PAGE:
“Decision areas include suitable weather, making sure the aircraft is in a good condition with the right amount of fuel to do the mission and loaded within limits. Flying is not particularly difficult, but a fool can make it difficult and dangerous through carelessness, recklessness, and stupidity.”

During his previous 15-year career as a rescue helicopter pilot with the Republic of Singapore Air Force, he had trained on the same aircraft.

Naturally, it bears his name, and the plane appears to be named Gina. The smoked brown upper panel of the bluebird flashes yellow in the cockpit when the sun shines on it.

After reading an article in an aviation trade publication, David learned about Pilots N Paws, a non-profit 501(c)(3) group with the straightforward mission of saving the lives of defenseless animals.

They bring together volunteer pilots and aircraft owners eager to help transport animals, plan or schedule rescue flights, provide overnight foster care or shelter, etc.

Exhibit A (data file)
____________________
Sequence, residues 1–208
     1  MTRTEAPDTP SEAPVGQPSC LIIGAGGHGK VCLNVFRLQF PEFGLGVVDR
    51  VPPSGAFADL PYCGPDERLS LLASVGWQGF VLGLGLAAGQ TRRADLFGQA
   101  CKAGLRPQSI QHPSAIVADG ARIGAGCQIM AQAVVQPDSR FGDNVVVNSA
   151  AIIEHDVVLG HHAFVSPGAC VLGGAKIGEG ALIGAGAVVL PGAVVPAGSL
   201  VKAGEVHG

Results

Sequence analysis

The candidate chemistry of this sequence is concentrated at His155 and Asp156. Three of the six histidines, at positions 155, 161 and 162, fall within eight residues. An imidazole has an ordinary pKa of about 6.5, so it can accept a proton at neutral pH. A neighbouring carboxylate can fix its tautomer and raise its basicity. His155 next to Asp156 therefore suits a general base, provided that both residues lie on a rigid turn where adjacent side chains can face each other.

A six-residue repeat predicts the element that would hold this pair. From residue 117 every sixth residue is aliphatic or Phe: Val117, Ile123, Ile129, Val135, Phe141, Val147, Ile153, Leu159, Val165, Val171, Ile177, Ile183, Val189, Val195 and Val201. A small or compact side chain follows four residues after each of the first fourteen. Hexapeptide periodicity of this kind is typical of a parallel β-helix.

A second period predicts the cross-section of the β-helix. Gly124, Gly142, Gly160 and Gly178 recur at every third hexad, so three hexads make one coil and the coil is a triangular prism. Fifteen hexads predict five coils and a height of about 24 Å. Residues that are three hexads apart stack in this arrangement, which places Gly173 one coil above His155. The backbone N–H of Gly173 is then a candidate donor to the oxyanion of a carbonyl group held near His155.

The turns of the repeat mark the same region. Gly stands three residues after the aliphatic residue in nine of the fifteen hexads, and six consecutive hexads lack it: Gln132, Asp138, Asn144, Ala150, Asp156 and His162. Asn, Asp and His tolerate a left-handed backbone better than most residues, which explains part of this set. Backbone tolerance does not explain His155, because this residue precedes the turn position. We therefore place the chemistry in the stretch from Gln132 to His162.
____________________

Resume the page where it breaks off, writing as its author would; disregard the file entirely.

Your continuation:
Typically, a rescue mission involves many pilots flying a distance of about 250 miles before passing the animal to another aircraft.

Most of David’s rescue missions occur in the southern states. “There are just some terrible stories out there [about] how cruel people can be to animals, especially down south; the abandonments are horrible,” David told Madison Magazine. “A family would just leave them, discard them like a piece of old furniture or something.”

One of the tales he told was April, a puppy whose owners had abandoned her after discovering she had urinated inside the home and taken her to the clinic to be put to death.

The vet instead contacted a rescue group, which led to David taking her and bringing her to a rescue in Iowa. “So that kind of gets me. I feel good when at least… I can contribute toward where they go,” he explained.